Finally, the convienance fee for printing your tickets at home for the IMAX is $2 compared to $1.25 for a regular movie. My guess is that people who are willing to see the IMAX are likely doing it for a special event (like the opening of Harry Potter) and probably willing to pay more to reserve a ticket. It could also be that as Singular puts it the people going to IMAX are "just rich as hell and don't give a damn"

Silver Spring Singular is a great local blog, but other local blogs haven't been posting as much. Perhaps I can add to the discussion about Silver Spring. I'm going to try to do some more Economics of Silver Spring (I realize this post wasn't too original) hopefully I can find things that both Silver Spring residents and non-residents find interesting. I'll be tagging the posts with Silver Spring Econ.

Final thought. Just one block further from the Majestic is the American Film Institute, where for $17.50 I can get a ticket, a beer, and a small popcorn. I'm guessing I'll do that more than go to the IMAX.

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Monday, December 20, 2010

How I avoided the lines at the post office on Saturday

Saturday was insane at the post office!!! I took one look at the line that ran out the door and was 9 deep for the one automated machine and ran away. I went straight to my local Office Depot. I knew they shipped UPS, so I figured even if spent twice as much to mail my package the savings in time and sanity would be well worth it. I got into Office Depot and they had no line. They also provide the same service that my post office does, literally they ship USPS mail.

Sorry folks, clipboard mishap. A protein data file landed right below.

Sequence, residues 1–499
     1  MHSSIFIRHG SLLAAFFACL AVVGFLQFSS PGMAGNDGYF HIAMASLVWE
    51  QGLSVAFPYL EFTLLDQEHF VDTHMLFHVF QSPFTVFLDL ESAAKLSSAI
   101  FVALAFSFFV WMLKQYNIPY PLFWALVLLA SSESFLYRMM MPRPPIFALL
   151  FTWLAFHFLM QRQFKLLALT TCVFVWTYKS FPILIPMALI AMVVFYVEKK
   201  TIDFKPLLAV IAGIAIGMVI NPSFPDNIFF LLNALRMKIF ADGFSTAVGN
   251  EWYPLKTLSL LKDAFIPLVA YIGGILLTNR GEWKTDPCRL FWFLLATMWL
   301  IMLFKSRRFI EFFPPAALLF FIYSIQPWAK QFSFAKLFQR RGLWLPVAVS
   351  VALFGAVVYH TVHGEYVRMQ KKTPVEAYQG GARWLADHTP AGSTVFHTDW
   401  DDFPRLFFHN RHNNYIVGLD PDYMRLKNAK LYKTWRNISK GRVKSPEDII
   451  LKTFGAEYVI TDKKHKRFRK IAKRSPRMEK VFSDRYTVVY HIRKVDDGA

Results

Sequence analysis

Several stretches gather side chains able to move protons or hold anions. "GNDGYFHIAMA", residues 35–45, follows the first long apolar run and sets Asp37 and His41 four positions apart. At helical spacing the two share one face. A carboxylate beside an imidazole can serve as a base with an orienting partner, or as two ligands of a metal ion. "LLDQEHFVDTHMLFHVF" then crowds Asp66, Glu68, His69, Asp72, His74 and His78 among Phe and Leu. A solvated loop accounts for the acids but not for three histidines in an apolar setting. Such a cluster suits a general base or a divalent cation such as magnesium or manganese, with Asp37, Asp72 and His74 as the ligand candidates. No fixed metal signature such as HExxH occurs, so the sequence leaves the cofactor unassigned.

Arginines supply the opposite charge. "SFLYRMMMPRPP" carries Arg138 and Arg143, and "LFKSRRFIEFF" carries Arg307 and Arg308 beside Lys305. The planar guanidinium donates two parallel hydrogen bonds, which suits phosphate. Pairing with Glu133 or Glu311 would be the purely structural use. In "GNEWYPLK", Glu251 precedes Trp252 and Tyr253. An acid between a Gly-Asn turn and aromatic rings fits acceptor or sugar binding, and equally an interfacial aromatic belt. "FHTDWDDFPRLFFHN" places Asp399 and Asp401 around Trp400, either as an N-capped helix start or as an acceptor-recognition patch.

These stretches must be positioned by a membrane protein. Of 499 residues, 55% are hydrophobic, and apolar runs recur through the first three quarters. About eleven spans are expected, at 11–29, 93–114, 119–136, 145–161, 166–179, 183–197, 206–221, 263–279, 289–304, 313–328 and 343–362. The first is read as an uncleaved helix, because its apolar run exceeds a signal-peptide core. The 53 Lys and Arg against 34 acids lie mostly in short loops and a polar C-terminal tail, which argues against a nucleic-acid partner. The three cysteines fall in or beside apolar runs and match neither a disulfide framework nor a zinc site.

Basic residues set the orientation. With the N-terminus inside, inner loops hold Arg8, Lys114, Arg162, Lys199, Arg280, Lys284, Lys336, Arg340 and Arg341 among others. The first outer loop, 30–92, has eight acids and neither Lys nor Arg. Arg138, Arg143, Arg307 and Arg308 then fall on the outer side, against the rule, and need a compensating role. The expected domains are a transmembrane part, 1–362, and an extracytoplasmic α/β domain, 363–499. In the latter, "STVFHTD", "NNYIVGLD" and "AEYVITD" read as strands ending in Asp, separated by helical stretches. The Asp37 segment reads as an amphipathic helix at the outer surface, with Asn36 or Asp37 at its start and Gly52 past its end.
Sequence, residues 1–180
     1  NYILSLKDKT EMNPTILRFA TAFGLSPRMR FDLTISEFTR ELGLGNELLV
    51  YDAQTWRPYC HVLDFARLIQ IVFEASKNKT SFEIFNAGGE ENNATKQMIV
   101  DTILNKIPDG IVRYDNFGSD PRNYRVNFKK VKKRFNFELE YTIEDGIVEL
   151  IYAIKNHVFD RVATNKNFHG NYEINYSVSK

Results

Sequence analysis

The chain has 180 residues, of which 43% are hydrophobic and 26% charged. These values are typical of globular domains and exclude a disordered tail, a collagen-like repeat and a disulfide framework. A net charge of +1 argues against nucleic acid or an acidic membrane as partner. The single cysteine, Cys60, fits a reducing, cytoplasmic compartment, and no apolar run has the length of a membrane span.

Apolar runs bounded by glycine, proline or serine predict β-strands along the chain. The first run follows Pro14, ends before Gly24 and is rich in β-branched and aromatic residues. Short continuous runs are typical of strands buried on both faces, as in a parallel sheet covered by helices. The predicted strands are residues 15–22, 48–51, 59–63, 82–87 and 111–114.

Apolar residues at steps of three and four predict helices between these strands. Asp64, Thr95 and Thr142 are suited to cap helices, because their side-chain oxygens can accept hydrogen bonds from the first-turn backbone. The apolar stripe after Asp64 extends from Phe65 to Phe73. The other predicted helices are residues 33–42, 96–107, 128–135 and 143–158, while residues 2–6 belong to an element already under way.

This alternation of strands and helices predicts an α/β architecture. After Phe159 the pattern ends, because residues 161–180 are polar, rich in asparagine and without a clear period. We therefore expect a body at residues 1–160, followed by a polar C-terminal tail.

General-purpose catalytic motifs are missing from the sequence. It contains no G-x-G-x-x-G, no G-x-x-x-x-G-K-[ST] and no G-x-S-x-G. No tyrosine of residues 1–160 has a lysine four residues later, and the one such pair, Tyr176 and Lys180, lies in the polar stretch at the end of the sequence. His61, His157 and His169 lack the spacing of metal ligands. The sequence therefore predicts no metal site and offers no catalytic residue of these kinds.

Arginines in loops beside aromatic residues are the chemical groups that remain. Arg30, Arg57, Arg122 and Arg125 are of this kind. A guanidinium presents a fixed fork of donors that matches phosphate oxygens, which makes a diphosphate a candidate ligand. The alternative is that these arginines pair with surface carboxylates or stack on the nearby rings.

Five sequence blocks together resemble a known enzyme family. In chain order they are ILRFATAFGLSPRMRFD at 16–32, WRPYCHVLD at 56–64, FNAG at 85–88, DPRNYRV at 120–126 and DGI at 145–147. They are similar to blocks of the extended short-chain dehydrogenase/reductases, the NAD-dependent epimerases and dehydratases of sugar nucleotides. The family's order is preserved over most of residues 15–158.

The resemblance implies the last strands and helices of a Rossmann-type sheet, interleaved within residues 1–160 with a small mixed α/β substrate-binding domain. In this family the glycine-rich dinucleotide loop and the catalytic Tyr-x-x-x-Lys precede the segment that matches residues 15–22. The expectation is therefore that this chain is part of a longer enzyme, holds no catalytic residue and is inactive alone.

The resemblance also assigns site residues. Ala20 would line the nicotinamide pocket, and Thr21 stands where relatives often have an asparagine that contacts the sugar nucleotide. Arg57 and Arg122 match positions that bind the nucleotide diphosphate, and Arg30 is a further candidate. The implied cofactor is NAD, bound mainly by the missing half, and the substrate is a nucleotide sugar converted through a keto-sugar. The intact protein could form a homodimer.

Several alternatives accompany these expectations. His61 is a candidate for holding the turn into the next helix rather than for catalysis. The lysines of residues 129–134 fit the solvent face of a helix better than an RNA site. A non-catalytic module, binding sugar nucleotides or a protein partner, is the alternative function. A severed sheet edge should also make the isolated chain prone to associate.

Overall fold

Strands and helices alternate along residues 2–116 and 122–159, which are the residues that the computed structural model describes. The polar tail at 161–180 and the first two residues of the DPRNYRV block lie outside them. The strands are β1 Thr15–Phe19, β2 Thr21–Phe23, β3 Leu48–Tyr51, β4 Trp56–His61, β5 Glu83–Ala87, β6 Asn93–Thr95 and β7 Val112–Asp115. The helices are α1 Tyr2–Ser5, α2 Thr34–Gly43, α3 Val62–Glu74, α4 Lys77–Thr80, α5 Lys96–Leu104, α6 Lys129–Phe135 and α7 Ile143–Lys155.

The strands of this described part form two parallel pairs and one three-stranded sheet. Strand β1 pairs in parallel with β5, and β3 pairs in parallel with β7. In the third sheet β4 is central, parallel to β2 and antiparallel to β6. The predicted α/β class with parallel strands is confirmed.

Declaring my victory over opportunity costs and monopoly I walked over to Starbucks for a celebratory coffee (which was free with purchase of 1lb of whole beans).

Now to convince Office Depot to perform other government services.

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Thursday, December 16, 2010

The Public Good of Verifying Medical Claims?

"Companies like Dannon shouldn’t exaggerate the strength of scientific support for their products." FTC Chairman Jon Leibowitz in a statement.

The company, though, stands by its products' abilities to keep the bowels moving brisky....the company will now have to let consumers know that any statements about benefits for digestion or the immune system are based on European studies involving three servings a day of yogurt.

From NPR